TestMV celebrates its staff

The Island testing site shuts down as positive COVID-19 cases dwindle.


A single trailer sat in the empty parking lot of Martha’s Vineyard Agricultural Hall on Thursday, as TestMV staff worked to wrap up their nearly two-year-long run. Cars slowly started trickling into the lot, but for the first time in 22 months, it wasn’t for COVID-19 testing. The gathering was a celebratory one — to acknowledge those who have consistently worked for almost two years to ensure efficient testing for Island residents in order to help slow the spread of COVID-19 and keep Islanders safe and in the know about their health.

TestMV, which was set in motion on June 1, 2020, has been a collaboration among Island Health Care, Martha’s Vineyard Bank, and Quest Diagnostics. Initially having operated six days a week from the MVRHS, TestMV moved to the West Tisbury School before ending its nearly two-year run at the Agricultural Hall.

Through teary eyes, Cynthia Mitchell, CEO of Island Health Care, expressed her gratitude to the staff and volunteers of TestMV, naming, one by one, the numerous nurses, staff, community health workers, and volunteers who had contributed to the success of the test site.

During a time where so many in the world were isolating and distancing themselves from one another, Mitchell’s team worked tirelessly to be available for the community, and through that had become a family.“We’re immensely grateful to have had the opportunity to show what a community health center can do for its community,” said Mitchell.

“What made TestMV special was not [just] that they gave tests, it’s that they gave tests that were easy to get. It gave me a lot of pride,” said staff member Evan Hartford, “seeing people who would have had a lot more difficulty getting a test if we weren’t here.”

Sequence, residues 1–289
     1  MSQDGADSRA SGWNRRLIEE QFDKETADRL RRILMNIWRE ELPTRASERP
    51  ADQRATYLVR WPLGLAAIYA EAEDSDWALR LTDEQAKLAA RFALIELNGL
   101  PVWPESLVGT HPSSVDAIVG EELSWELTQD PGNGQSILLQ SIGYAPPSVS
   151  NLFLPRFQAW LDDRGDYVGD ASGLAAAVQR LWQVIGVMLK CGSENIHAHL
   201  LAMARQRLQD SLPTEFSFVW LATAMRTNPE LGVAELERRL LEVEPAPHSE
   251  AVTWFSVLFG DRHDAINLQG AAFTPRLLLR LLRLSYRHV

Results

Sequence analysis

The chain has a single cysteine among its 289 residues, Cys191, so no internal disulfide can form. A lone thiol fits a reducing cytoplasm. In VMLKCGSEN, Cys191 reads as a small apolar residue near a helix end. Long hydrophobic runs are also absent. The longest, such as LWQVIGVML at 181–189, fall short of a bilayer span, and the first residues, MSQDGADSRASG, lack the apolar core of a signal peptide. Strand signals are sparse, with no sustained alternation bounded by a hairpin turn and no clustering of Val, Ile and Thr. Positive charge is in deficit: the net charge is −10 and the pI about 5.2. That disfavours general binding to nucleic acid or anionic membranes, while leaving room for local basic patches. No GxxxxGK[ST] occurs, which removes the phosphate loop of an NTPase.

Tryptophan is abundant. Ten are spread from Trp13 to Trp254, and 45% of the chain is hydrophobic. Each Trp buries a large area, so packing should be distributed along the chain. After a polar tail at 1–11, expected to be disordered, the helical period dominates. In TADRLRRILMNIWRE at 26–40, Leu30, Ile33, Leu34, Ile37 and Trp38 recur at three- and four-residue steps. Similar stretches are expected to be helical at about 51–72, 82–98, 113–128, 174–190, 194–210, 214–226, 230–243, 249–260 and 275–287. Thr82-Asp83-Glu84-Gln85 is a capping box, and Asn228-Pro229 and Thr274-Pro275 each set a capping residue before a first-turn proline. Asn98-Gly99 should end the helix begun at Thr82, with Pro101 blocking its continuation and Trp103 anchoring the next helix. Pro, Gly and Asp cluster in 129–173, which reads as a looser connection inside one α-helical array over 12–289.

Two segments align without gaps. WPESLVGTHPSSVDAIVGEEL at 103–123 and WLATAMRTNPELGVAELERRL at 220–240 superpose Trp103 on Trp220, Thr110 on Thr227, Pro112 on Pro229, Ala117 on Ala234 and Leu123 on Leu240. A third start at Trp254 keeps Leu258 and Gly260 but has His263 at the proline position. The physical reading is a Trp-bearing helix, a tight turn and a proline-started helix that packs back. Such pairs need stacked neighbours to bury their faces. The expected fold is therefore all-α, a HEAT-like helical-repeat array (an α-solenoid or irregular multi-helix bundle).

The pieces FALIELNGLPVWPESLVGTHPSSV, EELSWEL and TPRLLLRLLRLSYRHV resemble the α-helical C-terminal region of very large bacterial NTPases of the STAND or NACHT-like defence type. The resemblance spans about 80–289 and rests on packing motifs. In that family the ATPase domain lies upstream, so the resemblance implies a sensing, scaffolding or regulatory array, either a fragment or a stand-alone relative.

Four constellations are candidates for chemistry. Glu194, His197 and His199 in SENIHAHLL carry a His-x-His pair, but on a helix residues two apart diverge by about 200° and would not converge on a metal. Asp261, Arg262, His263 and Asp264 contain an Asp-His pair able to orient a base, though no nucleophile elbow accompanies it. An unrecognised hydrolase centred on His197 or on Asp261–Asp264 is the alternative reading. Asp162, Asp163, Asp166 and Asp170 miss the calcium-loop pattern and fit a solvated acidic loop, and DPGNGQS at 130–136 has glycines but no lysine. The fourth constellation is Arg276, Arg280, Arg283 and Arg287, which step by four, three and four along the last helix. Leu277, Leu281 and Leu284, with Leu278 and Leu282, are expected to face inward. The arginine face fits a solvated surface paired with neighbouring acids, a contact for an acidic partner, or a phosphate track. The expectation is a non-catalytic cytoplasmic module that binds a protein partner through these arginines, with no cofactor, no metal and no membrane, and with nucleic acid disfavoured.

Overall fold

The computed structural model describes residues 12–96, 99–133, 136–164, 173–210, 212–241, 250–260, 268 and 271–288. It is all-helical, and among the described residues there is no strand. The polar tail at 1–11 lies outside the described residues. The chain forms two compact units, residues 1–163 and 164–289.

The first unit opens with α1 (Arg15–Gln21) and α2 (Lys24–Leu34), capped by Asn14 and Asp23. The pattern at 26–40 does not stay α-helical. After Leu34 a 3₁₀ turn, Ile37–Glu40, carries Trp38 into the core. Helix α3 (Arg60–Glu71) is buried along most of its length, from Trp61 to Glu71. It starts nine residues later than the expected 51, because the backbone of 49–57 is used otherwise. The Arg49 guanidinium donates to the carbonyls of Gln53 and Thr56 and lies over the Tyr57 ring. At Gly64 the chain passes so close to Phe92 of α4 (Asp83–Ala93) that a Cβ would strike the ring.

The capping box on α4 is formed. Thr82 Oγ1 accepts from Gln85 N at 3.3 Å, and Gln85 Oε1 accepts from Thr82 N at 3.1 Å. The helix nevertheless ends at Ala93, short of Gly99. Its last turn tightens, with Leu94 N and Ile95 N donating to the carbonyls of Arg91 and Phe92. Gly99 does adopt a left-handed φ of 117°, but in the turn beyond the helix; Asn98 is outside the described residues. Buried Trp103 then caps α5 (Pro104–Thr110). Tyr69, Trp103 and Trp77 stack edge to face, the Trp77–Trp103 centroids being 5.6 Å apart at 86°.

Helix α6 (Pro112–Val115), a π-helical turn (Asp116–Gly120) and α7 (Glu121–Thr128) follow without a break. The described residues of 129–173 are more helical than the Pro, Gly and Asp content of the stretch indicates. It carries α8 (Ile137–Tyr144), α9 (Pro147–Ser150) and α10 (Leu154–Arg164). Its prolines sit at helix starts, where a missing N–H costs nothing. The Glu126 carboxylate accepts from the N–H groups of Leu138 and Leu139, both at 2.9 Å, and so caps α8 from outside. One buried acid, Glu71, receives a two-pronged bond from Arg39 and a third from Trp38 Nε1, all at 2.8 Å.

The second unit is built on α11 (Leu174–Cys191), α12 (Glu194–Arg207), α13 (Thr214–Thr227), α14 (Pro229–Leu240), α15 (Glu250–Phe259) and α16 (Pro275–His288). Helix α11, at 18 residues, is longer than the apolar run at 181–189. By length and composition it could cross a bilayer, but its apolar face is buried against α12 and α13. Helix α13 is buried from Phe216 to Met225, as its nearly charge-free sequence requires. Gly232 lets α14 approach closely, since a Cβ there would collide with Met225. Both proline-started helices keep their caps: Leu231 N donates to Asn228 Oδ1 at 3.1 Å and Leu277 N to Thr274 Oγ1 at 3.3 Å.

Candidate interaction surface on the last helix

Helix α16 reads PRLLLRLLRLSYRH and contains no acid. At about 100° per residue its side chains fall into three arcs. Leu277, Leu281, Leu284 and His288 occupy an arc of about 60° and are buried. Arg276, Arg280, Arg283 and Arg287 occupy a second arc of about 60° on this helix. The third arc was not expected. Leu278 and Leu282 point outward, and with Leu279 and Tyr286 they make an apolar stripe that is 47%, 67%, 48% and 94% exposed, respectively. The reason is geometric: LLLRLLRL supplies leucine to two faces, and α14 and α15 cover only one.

Melinda Loberg, former Tisbury select board member and a TestMV volunteer, praised Mitchell’s leadership. “I am very keenly aware of the impact of this on the whole Island. You are an unsung hero. I want to underscore the work the staff has done to make it easier for the volunteers to show up and do their thing. The scrambling, the anxiety, the stress that we saw — it was exemplary, the way they handled it.”

Todd Hollister, who had been contracted out by Quest Diagnostics, echoed the emotions of the room, stating the sense of family and support the TestMV staff and volunteers had generated over the course of the testing site’s operation.

Test site manager Declan McBride received numerous praises from everyone as well, for his relentlessness in keeping the site operational, despite being met with various challenges and adversity.

Looking back on the precariousness of the beginning of the operation, communications consultant Mary Breslauer noted that Mitchell made it look effortless, which clearly it was not. “The enormity of what you all accomplished,” said Breslauer, “learning, literally as you went along — maybe it’s not building the pyramids of Egypt, but it felt like that some days. I felt so glad to be a part of it.”

“As a community member, when this whole thing started, I was bursting with pride,” said Agricultural Society executive director Lauren Lynch, “for how this community came together. The amount of coordination was just fantastic, and was a perfect illustration of the Vineyard and how everyone worked together, and knew what the end goal was. Congratulations to everyone, and thank you, thank you, thank you.”

At the end of the operation, the TestMV site had tested a total of 47,840 people, and only closed once, during a blizzard. 

As the gathering wrapped up, Hollister held up the last test kit and placed it in a biohazard bag, ceremoniously and symbolically giving the team the true feeling of closure and a job well done. “Let’s hope we’re tying this bag for the last time,” he said.


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